So what will he do? Will he listen to the priest or listen to the Word? We see his response in verses 11-14. Look at those with me. Nehemiah will not break the Law in order to run away from this threat. He knows that he should not listen to what the priest is saying. How does he know that? Well, it could be that he had secret informants who told him that the priest was in the pocket of his enemies. But it could also be that he simply knew what the Law said and was unwilling to sin to possibly save his neck. One of my commentator’s writes: “If someone tells you to do exactly what the Bible says not to do, you know that person does not speak for God. So Nehemiah heard this counsel that he should enter the temple, and he responded to it on the basis of what the Bible teaches.”1 Then he asks: “You want to know the will of God? Know the Bible. He has revealed His will. You want to tell when someone is or isn’t in line with the will of God when they claim to reveal the will of God? Evaluate their claims by Scripture. Are they saying what the Bible says?” Nehemiah defeats the threats of these priests by knowing and trusting the Word of God. We can fight our fears in the same way.

Faith in God’s leading (6:15-7:73)

One final way that Nehemiah fights his fears in these chapters is by continuing to trust in God’s leading. Look back at 2:12. The Lord had put it into Nehemiah’s heart to rebuild the wall in Jerusalem. He had risked his life by asking the king for permission to do it and he had continued to risk his life by not quitting when the enemies threatened. He trusted that the Lord was going to accomplish this task. He told his enemies when they mocked him: ‘The God of heaven will make us prosper, and we his servants will arise and build…’ (2:20). He strengthened the workers by reminding them that the Lord was with them and that He would fight for them (see 4:14-15, 4:20). Nehemiah was confident that the Lord had led him to do this work and he would not let the fear of man stop him. And the work was completed. Look at 6:15-16.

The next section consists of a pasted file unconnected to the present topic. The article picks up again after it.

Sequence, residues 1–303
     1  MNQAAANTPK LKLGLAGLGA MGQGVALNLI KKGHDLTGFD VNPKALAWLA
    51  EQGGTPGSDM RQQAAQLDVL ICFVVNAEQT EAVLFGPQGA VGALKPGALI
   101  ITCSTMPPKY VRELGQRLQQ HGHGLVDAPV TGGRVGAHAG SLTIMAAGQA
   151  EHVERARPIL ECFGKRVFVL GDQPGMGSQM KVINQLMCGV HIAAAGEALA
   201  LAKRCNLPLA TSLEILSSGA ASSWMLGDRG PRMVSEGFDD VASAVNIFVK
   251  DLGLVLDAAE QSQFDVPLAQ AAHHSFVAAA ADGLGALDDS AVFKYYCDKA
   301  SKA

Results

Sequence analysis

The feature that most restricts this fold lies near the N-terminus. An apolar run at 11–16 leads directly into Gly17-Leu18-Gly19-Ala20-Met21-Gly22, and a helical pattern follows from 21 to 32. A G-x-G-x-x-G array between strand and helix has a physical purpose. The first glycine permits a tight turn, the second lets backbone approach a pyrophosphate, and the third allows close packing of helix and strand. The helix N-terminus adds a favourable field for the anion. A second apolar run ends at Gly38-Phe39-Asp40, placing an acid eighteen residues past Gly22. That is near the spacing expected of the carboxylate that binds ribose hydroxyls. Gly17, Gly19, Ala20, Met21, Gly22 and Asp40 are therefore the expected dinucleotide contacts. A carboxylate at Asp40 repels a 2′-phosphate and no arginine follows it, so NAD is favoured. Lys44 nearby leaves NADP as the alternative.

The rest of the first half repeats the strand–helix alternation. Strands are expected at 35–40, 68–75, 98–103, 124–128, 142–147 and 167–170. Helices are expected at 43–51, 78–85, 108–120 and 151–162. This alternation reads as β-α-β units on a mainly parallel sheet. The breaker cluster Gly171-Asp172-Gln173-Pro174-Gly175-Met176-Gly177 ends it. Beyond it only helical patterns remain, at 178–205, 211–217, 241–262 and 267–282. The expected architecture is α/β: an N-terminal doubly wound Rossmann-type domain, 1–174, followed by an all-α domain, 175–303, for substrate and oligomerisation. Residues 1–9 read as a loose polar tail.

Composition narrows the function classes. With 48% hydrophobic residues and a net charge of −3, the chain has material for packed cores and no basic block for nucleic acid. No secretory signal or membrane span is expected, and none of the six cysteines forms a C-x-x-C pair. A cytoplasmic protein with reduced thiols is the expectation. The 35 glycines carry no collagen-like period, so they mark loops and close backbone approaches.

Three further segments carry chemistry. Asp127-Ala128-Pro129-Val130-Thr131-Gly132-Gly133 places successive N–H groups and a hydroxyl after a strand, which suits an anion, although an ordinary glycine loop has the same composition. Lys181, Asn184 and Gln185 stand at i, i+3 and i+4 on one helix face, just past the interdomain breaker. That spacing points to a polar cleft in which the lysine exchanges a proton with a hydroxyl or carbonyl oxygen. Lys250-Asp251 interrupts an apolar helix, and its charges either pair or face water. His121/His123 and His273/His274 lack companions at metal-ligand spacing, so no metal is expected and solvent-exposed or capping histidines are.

They tried to get him to be afraid of them, but they ended up afraid of God and His people. Tobiah continued to try and frighten Nehemiah, but he just kept on following the Lord’s lead. Look at 6:17-7:4. Tobiah tried to make Nehemiah forsake the work, but Nehemiah would not give up. He finished the walls, appointed leaders, and gave instructions for how to protect the city. He would not be paralyzed by fear. He would keep following the Lord’s lead.

We also see him following God’s lead in enrolling the people. Look at verses 5-6. Just as God had put it into Nehemiah’s heart to build the wall, now we see that He put it into his heart to enroll the people. The list that is given in the remainder of chapter 7 is the same as Ezra 2. In one sense, this genealogy marks a transition in the book that is also similar to the book of Ezra. Once the temple is finished in Ezra (ch. 1-6), the focus then shifts to the people and Ezra teaching them the Law (ch. 7-10).

In Nehemiah, the wall is finished in chapter 6 and the remaining chapters (7-13) focus on reforms among the people, which explains why Nehemiah would record a genealogy at this point. It also helps prepare us for the issue of intermarriage and syncretism, which will be addressed in chapters 9-10, and 13. In all of this, Nehemiah is continuing to follow God’s lead and not be afraid of his enemies. Of course, we need to note that following God’s lead can seem subjective at times. Yet, when we read the Word and set our hearts to obeying it, then we face our enemies with the faith that will drive out our fears. Although our situations will be different from Nehemiah’s, we can still overcome fear in this way.

Nehemiah overcomes his fears by having faith in God, faith in His Word, and faith in His leading. So how can we have such faith? It begins by turning from our sins and trusting in Christ. In our flesh, we fear men all of the time and it leads us to sin against God. We fear rejection and being alone, so we have inappropriate relationships. We fear being mocked, so we say things that are wrong, listen to things that are wrong, and watch things that are wrong. We fear missing out on the fun of life, so we follow the lead of others and participate in things that we know we should avoid. The fear of man, the fear of the flesh, leads us repeatedly into sin. But Christ paid for all of those sins. He came in the flesh, lived a perfect life, faced the fear of a horrible death, and rose victoriously over the grave. By turning from our sins and trusting in Him, we can be forgiven for all of our sin. And not only that, but we can have victory over our fears as well. In Christ, I do not have to be afraid of men. What can they do to me? Can they separate me from His love? Absolutely not (see Romans 8:31ff). Can they drive me from His presence? Never. In fact, even if they take my life, they are only ushering me into His eternal presence. So why are we afraid? Why do we let fear paralyze us and keep us from obeying the Lord? Why is fear the number one reason given for not sharing the gospel? Through the power of the Spirit, let’s be free of that! Trust in God! Trust in His Word and His leading through the Spirit. Fight for faith that will overcome your fears! Amen.

1 James M. Hamilton Jr. Exalting Jesus in Ezra and Nehemiah CCE (Nashville: B&H Publishing, 2014), p. 143.

~ William Marshall ~

Last Updated ( Tuesday, 24 May 2016 )